People like to think that animals help each other in nature, living in harmony and working for the common good. Scientists call this mutualism. Red-billed oxpeckers eat ticks from cattle and other large mammals, helping the animals while gaining a meal for themselves... or do they?
In truth this textbook example of mutualism (you scratch my back and I’ll scratch yours) may not exemplify such a happy partnership after all. After 2000 hours of observation Paul Weeks during graduate work for the University of Cambridge in England concluded that keeping the red-billed oxpeckers away from cattle didn't typically increase tick infestation. Paul Weeks also observed that excluding the oxpeckers speeded healing of skin wounds of various causes. (Red-billed oxpeckers: vampires or tickbirds? – Weeks 1999)
. His data suggests that the relationship between birds and their hosts is more complex than previously thought. Although the red-billed oxpeckers do not greatly harm their hosts, there is no evidence yet that they are actually helpful.
Weeks studied Bonsmara cattle in Zimbabwe that were either exposed to or isolated from red-billed oxpeckers. When Weeks counted the number of ticks on the cattle, both groups had the same amount – the oxpeckers were not helping to remove ticks at all.
So what were the birds up to? Weeks observed them picking at wounds so that they could feed on the cattle's blood. And, when the oxpeckers did eat ticks, they preferred ticks that had already engorged themselves – the damage to the livestock had already been done. The cattle were an oxpecker buffet, as the birds feasted on dead skin, mucus, saliva, sweat, tears, and earwax.Large view, RBO on Buffalo near Satara
Despite Paul Weeks's study, the long-standing “myth” that red-billed oxpeckers help their hosts by removing ticks prevails. Oxpeckers continue to be reintroduced into game reserves in South Africa coupled with advertising campaigns that continue to promote the “benefits” of red-billed oxpeckers for tick control. The Endangered Wildlife Trust’s Poison Working Group runs the translocation program “Operation Oxpecker”.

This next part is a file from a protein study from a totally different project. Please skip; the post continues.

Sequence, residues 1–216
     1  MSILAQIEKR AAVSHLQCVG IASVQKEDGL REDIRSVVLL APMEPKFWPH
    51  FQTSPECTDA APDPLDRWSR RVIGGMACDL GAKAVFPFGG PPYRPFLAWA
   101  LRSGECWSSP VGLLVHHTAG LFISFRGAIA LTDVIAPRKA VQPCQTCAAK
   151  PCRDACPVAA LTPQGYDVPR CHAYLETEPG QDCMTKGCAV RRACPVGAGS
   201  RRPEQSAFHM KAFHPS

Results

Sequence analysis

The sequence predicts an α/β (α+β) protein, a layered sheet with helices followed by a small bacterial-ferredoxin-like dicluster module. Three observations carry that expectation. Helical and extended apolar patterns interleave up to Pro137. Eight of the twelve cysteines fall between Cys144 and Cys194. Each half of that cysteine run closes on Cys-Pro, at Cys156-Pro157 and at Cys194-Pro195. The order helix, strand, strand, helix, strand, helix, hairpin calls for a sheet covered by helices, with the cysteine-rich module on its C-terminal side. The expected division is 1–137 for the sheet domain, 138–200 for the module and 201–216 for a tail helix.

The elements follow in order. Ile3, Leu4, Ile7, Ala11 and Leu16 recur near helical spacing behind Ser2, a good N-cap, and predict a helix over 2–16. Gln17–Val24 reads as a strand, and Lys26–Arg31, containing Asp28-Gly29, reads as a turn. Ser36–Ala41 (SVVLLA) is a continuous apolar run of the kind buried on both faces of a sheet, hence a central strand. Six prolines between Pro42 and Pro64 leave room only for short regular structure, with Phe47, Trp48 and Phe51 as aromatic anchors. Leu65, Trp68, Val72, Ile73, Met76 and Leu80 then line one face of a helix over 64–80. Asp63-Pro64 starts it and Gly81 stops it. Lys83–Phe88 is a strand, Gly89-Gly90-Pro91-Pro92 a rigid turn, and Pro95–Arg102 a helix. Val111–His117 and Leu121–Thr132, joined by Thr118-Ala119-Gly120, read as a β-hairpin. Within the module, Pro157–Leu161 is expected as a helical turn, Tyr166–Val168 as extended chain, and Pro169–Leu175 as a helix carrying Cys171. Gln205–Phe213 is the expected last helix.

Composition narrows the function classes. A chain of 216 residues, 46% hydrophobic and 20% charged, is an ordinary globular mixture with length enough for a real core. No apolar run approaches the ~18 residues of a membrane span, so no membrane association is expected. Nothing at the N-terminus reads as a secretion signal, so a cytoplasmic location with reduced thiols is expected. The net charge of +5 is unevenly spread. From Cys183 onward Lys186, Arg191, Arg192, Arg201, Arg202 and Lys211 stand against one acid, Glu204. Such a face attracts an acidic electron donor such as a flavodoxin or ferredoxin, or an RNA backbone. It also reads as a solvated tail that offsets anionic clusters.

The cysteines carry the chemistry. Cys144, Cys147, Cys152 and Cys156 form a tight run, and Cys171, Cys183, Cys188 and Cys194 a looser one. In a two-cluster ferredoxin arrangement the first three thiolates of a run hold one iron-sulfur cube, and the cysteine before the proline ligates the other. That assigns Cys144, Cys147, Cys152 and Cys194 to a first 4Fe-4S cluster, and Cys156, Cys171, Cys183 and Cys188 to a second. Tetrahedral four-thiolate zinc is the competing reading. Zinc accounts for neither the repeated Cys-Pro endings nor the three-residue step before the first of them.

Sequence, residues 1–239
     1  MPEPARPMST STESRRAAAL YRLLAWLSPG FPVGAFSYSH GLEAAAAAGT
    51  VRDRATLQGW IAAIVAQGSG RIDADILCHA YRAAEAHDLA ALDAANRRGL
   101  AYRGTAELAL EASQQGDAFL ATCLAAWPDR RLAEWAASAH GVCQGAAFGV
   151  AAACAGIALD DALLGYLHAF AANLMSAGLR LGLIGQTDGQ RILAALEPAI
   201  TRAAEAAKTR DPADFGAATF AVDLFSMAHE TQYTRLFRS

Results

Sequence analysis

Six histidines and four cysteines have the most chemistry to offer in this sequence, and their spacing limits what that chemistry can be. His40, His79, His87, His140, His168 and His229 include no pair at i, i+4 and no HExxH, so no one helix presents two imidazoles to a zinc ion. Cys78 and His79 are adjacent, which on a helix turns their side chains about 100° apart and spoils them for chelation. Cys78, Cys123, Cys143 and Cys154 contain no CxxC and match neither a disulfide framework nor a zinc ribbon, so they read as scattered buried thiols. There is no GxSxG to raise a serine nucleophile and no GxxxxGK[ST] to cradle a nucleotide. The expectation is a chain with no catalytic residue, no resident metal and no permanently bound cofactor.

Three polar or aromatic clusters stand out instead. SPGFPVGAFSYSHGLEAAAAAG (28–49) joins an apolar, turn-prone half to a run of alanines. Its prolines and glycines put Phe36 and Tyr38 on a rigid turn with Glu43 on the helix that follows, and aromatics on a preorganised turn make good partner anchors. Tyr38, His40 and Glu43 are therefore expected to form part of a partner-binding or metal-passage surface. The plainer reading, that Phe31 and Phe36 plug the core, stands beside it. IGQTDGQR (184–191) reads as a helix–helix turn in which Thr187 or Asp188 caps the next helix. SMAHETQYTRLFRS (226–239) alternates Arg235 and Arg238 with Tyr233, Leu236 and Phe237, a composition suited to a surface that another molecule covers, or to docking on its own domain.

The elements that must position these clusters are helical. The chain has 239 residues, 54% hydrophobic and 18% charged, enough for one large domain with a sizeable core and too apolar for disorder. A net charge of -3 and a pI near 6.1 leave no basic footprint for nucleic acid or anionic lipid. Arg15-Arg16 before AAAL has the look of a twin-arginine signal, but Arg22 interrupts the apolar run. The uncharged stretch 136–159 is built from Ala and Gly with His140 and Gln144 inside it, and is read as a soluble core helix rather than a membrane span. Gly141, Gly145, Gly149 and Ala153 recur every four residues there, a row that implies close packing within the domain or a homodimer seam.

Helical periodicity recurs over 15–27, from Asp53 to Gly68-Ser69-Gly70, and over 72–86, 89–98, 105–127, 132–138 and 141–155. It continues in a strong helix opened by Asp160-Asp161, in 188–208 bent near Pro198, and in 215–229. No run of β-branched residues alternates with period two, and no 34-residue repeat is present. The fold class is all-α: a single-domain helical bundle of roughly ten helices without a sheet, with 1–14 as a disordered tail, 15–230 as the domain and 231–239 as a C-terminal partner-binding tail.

“Oxpeckers can be one of the farmer’s greatest natural allies on game and cattle farms. It is therefore very important to employ farming practices which offer the birds the best chance of survival by managing tick infestations with the correct products and management protocols”, they claim. Before the widespread use of toxic cattle dips, red-billed oxpeckers were found throughout the eastern part of the country as far south as Grahamstown. Now cattle farmers are encouraged to use bird-friendly dips so that these birds can return to their original range. Red-billed oxpeckers have been reintroduced successfully in Limpopo, KwaZulu-Natal, the Eastern Cape and the Kimberley area of the Northern Cape. Some farmers now have a healthy population on their property, which they believe keeps their livestock and game free of external parasites. This, in turn, anecdotal evidence suggests, stops the spread of tick-borne diseases.
According to Weeks, it may take a while for attitudes about oxpeckers to change. "The traditional view is still pretty solid."
One of the important limitations of Weeks’ studies is the fact that the cattle and oxpeckers did not coevolve and therefore the results may not be representative of the relationships between oxpeckers and their native African ungulate hosts in general. However, the oxpecker behaviour on cattle observed by Weeks was confirmed to extend to black rhinos in captivity by observations of captive oxpeckers and black rhinoceroses at Zurich Zoo, in Switzerland. (McElligott, Maggini, Hunziker and König – Interactions between red-billed oxpeckers and black rhinos in captivity 2004)
. This work demonstrated that the birds opened new wounds on their hosts. This was an unnatural situation, especially since the captive rhinos were tick-free, but it suggests that field studies of oxpeckers should focus on the frequency of feeding at wounds, and monitor the frequency with which new wounds are created on game animals.